Feeding kept bees is a subject easily misunderstood. The purpose is never to adulterate the honey that is to be sold with sugar.
Nor is it to replace the honey we have harvested from them; we take only of their excess. Lacking many vital nutrients it can never be a substitute.
There are two common possible reasons why you might want to feed your bees.
This page was last updated by Bernard Preston on 14th September, 2019.
Reviewed by Derek A. Lewis, beekeeper.
To encourage the workers to actually store the sugar solution for the long winter, one makes the concentration doubly strong.
To merely stimulate the queen, making an attempt to fool her into believing the honey flow has actually started, one uses a much more dilute solution.
That little feeder is inserted snugly into the entrance of the hive.
With adulteration of honey so rife, the uninformed might think you are actually attempting to get the bees to suck up the sugar solution, process it as they would nectar, and then store it in the combs. Nothing could be further from the truth.
Whilst one can never absolutely guarantee that not one fed sugar molecule might end up in a bottle of honey, that is never the purpose.
Once it is clear that the flow has started, and the queen does not need further stimulation, all feeding stops; in any event they eschew sugar once real nectar is available.
I might feed roughly one litre of a dilute sugar solution about a month before the expected honey flow, in two 500ml tranches.
Once the plants are actually flowering, one immediately stops feeding; the queen requires no further stimulation. Any nectar that is brought by the workforce is then stored as genuine honey.
Feeding kept bees is to sustain them during a long period of dearth or to stimulate the queen to start laying in anticipation of an expected honey-flow.
It is a standard part of normal beekeeping, and there is no intention whatsoever to adulterate the honey that you might buy with sugar-water.
Let us say for example that a honey-flow lasts about two months. Each and every nectar source will be different, some much longer, and others shorter.
But let us work on eight weeks.
Now it takes three weeks from the day the queen lays an egg until it hatches. It is then assigned hive duty for a week or two, and is not likely to join the workforce for another ten days at least.
But there is now only another fortnight of the honey flow left for the bees to forage for nectar and store it in the combs.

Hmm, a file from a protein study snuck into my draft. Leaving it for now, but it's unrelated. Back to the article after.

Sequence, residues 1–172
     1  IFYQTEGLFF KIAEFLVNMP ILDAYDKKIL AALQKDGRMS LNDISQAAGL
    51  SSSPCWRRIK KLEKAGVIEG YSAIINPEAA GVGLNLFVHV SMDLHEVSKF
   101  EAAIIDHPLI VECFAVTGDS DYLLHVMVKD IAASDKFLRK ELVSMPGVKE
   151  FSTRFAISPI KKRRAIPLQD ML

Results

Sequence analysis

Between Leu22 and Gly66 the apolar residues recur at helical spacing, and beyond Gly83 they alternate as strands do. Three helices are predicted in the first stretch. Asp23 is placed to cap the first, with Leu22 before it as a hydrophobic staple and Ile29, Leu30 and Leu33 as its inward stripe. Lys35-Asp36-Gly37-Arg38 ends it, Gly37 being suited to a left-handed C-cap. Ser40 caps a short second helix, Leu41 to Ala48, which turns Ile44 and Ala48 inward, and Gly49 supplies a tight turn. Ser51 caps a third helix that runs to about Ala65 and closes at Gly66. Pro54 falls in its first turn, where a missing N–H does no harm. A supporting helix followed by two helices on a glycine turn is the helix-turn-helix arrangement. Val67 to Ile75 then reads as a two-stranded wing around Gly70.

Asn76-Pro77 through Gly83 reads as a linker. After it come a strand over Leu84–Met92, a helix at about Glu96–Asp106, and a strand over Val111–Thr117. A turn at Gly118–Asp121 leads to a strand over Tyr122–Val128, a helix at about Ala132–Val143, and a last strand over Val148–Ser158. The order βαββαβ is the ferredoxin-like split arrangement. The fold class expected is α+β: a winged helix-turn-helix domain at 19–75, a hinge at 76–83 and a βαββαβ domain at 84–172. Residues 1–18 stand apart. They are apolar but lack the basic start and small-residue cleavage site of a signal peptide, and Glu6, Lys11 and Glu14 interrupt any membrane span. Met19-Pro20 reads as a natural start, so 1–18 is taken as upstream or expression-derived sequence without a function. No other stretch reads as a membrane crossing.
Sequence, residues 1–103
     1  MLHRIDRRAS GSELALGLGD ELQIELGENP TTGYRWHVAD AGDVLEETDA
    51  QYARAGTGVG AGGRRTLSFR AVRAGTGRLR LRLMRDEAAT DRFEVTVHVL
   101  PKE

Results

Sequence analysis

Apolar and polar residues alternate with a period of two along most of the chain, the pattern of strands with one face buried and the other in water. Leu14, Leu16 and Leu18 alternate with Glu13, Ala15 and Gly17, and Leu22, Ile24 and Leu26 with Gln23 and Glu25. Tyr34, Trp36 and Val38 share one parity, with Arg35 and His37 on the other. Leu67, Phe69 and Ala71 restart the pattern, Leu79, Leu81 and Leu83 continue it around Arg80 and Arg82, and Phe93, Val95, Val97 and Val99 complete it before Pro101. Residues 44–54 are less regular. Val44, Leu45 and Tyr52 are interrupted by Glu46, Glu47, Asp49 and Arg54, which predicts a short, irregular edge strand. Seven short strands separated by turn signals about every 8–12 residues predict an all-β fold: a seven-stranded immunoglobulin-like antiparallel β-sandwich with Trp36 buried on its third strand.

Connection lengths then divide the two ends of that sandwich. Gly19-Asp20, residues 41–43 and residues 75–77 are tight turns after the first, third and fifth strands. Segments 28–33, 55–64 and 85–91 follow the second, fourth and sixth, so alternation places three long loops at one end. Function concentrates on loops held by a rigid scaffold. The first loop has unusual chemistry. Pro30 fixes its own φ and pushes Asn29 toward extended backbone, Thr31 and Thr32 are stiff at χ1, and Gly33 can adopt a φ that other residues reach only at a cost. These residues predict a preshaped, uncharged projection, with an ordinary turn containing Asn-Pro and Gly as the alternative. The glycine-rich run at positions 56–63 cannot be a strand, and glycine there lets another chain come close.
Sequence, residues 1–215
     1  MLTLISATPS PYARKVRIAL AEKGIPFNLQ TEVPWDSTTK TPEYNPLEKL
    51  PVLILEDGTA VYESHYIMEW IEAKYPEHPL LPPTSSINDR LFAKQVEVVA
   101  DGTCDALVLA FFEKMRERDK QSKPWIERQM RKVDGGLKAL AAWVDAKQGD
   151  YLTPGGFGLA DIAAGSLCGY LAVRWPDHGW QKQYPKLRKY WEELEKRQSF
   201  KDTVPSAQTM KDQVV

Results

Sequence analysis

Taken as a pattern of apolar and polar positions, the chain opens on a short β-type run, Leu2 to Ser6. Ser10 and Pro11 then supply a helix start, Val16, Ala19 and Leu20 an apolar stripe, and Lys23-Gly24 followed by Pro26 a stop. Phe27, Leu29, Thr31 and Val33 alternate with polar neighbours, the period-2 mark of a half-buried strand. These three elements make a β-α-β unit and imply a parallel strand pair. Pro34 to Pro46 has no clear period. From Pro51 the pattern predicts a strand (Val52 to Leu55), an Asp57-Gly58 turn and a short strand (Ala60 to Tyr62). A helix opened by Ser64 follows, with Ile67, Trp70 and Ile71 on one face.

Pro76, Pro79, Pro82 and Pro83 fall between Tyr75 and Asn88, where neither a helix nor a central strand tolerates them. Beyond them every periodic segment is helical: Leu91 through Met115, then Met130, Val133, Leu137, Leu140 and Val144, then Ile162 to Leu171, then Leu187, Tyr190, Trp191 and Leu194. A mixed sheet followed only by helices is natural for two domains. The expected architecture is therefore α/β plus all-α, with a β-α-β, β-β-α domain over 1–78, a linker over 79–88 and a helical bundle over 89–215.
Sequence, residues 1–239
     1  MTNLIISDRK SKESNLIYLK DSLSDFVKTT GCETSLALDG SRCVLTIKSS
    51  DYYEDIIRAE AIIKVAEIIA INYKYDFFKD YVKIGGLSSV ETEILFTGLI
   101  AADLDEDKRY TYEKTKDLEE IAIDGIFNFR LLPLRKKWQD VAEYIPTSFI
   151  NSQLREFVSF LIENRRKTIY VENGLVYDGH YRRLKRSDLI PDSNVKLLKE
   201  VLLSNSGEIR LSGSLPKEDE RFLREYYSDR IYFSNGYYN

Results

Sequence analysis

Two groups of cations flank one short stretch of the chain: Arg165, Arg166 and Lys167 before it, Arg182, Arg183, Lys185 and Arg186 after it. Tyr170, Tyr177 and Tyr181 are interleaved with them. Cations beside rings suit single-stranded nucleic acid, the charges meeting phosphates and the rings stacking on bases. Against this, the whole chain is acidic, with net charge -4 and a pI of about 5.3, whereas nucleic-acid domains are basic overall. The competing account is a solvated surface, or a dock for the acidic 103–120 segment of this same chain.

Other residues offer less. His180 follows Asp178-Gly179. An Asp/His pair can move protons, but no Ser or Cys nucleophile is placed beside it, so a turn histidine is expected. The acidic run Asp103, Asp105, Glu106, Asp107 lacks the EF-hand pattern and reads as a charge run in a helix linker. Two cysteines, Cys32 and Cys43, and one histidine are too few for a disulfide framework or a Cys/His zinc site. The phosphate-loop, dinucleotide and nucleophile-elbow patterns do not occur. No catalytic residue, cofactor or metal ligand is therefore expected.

By feeding your kept bees, starting to stimulate them a month earlier, you now have a hive that that can collect and store honey, and a surplus for you, for six weeks instead of only two.
In theory you can expect three times the number of bottles, simply because you took the trouble of feeding kept bees.
You would want to be feeding your kept bees a solution of two parts of white sugar to one water to store for an anticipated dearth period; several litres.
To stimulate the queen for an anticipated flow, use equal parts of water and sugar; I work with one litre only, in two tranches of 500ml each.
I like to add any old honey that I might have stored up for this purpose. In fact you might even purchase a few bottles from the supermarket, if you would get three times the amount back.
Commercial beekeepers with hundreds of hives would simply place a large bowl of sugar syrup near the hives, covered with a thick layer of grass to stop the bees from drowning.
This stirs the bees up and you may have people and animals in the neighbourhood being stung.
We are feeding our kept bees directly into the brood chamber; then it is used for feeding the larvae.
Putting the sugar syrup into the supers is not advised; there is a greater likelihood of it being stored in the combs instead of being fed to the young larvae.
There are other reasons for feeding, some of which pertain to specialised beekeeping like queen rearing.
If you have been lucky enough to catch a new migrating swarm then feeding kept bees is not a bad idea until they are established.
However, they do bring some stores of honey with them, and this generally only happens when there is plenty of nectar available, so it may not be necessary.
Creating swarming bee traps is a big subject all on its own.
Cut a piece of 3/4" plywood; it sits tight and is unlikely to warp. And then another thinner piece of ply, about 6" square to lift the bottle lid off the frames in the hive underneath.
Choose a standard scrap bottle such as a mason jar or jam bottle about to be recycled. Punch very small holes in the lid using a nail.
Scroll out the lid on the two pieces of plywood, and shape it with a jigsaw.
Here is a tip; make the hole before cutting the piece to size; it is easier and safer to handle a larger plank, keeping your fingers well away from the blade.
You are feeding directly into the brood area, and there is far less likelihood of robbing by neighbouring bees than any apparatus used at the entrance.
Most associations have various open days where you can learn these basics like feeding kept bees.
Most beekeepers are open-hearted folk willing to share their experience; see if you can find a beginners beekeeper day near you.
More about feeding your hive in winter from a Texas homesteader.
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